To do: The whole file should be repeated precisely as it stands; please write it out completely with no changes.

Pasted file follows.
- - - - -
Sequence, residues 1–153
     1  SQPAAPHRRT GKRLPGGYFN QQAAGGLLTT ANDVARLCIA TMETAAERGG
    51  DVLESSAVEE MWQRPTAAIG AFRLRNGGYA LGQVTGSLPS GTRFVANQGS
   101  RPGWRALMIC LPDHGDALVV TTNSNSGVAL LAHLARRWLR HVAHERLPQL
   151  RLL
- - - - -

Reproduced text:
Sequence, residues 1–153
     1  SQPAAPHRRT GKRLPGGYFN QQAAGGLLTT ANDVARLCIA TMETAAERGG
    51  DVLESSAVEE MWQRPTAAIG AFRLRNGGYA LGQVTGSLPS GTRFVANQGS
   101  RPGWRALMIC LPDHGDALVV TTNSNSGVAL LAHLARRWLR HVAHERLPQL
   151  RLL